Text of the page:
There are many careers in chemistry after graduation. Every chemistry university graduate who intends to specialize in a certain area in Chemistry will have to know the different areas in Chemistry to specialize in. To this regard, we came out with the Top 10 major areas in Chemistry to specialize as a profession.
Though this is not an exhaustive list, as there are many other niche fields in chemistry to specialize in.
There’s practically no end to careers in Chemistry if you intend to specialize. Besides, your level of employment is basically dependent on the level of education you’ve reached. For instance, if you have a 2-year degree in Chemistry, you should not expect to go far in getting a quality job than someone who study full year in school. You could work in some labs washing glassware or assist at a school with lab preparation, but you wouldn’t have much advancement potential and you could expect a high level of supervision.
To attend more height in having a good and secured job in Chemistry, you need to acquire a Bachelor’s degree (B.A) in Chemistry as this can open up more opportunities in getting a good job. A four-year college degree can be used to gain admittance to advanced degree programs (e.g., graduate school, medical school, law school). With the bachelor’s degree, you can get a bench job, which would allow you to run equipment and prepare chemicals.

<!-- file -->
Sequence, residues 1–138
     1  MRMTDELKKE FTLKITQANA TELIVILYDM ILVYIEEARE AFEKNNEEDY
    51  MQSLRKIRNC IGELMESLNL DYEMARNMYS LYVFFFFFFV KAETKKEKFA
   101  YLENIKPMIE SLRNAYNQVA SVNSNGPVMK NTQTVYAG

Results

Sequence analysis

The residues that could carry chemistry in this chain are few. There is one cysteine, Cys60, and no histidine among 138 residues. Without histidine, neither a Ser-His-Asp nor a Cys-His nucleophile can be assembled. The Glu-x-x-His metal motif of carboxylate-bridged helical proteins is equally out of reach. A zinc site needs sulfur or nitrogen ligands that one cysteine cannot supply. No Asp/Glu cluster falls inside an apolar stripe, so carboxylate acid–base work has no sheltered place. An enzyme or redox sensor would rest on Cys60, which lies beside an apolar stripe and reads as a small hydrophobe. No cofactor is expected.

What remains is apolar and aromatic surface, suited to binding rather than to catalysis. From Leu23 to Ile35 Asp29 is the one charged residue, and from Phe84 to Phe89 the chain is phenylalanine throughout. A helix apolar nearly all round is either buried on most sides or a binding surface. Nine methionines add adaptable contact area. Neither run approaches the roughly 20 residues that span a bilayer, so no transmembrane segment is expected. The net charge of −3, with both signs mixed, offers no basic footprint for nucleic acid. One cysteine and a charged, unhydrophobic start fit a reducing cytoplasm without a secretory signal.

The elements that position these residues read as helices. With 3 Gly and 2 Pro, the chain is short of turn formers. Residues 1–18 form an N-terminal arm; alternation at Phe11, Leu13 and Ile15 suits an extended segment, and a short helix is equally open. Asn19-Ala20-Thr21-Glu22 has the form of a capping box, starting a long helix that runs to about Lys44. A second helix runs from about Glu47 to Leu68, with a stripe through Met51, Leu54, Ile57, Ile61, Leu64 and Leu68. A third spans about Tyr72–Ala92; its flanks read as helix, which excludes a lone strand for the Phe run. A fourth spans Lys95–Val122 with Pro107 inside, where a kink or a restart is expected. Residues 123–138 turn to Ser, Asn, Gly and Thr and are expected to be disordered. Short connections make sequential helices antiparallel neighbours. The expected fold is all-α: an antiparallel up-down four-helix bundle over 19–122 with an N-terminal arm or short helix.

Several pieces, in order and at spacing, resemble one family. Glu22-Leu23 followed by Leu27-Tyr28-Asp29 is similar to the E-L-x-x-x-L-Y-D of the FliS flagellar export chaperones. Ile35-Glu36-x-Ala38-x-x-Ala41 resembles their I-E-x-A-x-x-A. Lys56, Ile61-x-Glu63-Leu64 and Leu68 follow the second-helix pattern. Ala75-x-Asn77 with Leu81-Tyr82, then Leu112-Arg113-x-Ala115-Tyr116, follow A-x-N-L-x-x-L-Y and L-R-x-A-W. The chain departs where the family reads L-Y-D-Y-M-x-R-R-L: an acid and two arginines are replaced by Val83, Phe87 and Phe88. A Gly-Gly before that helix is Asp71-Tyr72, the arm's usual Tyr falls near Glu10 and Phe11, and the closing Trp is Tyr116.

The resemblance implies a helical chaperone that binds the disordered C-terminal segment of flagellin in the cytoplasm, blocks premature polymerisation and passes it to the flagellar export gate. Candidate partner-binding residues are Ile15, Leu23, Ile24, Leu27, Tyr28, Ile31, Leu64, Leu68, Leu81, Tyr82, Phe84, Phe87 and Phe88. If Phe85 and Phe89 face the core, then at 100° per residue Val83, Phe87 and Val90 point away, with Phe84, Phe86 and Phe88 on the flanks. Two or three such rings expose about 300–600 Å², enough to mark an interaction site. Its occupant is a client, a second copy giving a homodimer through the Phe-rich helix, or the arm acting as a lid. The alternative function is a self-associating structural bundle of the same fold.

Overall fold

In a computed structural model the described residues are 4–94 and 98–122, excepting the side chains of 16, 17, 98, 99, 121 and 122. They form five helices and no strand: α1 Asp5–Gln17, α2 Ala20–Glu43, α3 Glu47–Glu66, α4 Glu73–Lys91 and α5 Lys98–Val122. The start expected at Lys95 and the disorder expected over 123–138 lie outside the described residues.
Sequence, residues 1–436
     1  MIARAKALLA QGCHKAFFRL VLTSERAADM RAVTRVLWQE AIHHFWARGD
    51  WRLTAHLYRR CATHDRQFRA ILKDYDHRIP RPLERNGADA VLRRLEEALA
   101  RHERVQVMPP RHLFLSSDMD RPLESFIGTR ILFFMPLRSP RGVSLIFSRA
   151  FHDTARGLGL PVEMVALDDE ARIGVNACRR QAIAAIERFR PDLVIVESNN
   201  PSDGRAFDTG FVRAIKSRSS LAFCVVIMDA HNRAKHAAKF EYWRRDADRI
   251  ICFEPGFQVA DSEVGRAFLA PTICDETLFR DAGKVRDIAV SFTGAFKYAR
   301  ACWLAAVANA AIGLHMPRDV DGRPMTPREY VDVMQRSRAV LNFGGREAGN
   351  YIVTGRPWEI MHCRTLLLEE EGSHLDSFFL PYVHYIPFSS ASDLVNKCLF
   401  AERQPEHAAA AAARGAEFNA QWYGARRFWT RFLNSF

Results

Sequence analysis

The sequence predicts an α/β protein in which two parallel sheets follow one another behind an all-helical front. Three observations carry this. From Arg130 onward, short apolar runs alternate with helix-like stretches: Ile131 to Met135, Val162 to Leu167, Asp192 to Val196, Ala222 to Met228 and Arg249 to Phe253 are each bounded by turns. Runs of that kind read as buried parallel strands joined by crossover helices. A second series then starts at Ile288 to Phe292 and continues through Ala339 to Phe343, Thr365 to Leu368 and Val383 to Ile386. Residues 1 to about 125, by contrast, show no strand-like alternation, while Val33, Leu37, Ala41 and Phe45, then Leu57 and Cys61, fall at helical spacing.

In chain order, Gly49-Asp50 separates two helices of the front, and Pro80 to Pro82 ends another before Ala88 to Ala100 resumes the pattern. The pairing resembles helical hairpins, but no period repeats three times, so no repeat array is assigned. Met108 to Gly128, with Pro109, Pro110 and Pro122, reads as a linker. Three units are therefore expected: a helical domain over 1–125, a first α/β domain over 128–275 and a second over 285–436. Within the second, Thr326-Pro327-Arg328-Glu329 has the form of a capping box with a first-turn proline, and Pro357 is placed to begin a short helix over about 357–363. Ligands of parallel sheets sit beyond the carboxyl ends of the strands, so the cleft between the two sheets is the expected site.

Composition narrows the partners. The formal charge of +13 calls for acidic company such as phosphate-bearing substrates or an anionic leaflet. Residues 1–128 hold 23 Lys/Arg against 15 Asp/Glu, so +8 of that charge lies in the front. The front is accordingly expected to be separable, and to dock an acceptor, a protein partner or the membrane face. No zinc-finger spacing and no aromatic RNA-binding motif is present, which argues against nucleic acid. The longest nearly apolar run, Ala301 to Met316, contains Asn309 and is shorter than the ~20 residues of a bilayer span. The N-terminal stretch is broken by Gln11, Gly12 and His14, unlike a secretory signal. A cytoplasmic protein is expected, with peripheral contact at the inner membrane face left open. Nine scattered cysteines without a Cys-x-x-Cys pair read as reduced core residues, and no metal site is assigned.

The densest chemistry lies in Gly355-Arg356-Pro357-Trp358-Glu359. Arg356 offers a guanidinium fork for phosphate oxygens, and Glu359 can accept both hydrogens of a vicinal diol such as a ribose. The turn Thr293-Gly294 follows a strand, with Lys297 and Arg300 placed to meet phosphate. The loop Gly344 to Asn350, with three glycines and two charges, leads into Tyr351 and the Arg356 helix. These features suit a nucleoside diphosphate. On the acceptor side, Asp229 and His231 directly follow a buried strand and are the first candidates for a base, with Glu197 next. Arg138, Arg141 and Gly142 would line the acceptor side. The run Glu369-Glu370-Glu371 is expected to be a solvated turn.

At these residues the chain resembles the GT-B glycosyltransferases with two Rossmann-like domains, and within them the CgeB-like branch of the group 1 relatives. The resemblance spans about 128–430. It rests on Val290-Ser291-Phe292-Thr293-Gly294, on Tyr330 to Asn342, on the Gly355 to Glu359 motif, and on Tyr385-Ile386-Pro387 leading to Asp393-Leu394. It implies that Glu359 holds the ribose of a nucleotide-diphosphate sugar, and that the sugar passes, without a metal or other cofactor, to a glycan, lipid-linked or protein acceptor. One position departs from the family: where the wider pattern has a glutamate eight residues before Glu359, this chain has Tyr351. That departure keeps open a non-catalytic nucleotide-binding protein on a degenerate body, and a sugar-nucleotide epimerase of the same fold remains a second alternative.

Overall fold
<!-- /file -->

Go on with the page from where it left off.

Below are the various careers in chemistry to specialize as a profession;
- Analytical Chemistry
- Atmospheric Chemistry
- Ceramics Industry
- Chemical Engineering
- Chemical Information Specialist
- Chemical Sales
- Chemical Technology
- Colloid Science
- Consumer Products
- Environmental Chemistry
- Environmental Law
- Food Chemistry
- Forensic Science
- Government Policy
- Hazardous Waste Management
- Inorganic Chemistry
- Materials Science
- Military Systems
- Organic Chemist
- Paper Industry
- Patent Law
- Perfume Chemistry
- Petroleum and Natural Gas Industry
- Physical Chemistry
- Plastics Industry
- Polymer Industry
- R&D Management
- Science Writer
- Software Design
- Space Exploration
- Surface Chemistry
- Technical Writing
- Textile Industry
Though we are not going to concentrate on the list above but rather on the 10 branches of chemistry listed below, this list is only focused on the ones we’ve listed below.
These set of specialists could also be referred to as agrochemists. Their job is to collect samples for nutrient levels as well as levels of pesticides, analyze them to check for heavy metals, and toxins. They operate and maintain a wide range of instruments. Some agrochemists specialize in animal feeds; others specialize in the testing of pesticides. They may do presentations to such diverse groups as corporation CEOs and farmers as well as preparing reports showing data, conclusions, and recommendations.
2. Food and flavor chemist
When people tend to eat good food and get introduced to new developmental foods in the world, they are people who are called food and flavor chemists who work in the research and development of new foods as well as ways of keeping foods fresher on the shelves. These chemists do not work on their authority. They work within the regulations of the FDA, testing food additives and preservatives, developing new flavors, and analyzing food for nutrient levels or the presence of contaminants.
3. Water quality chemist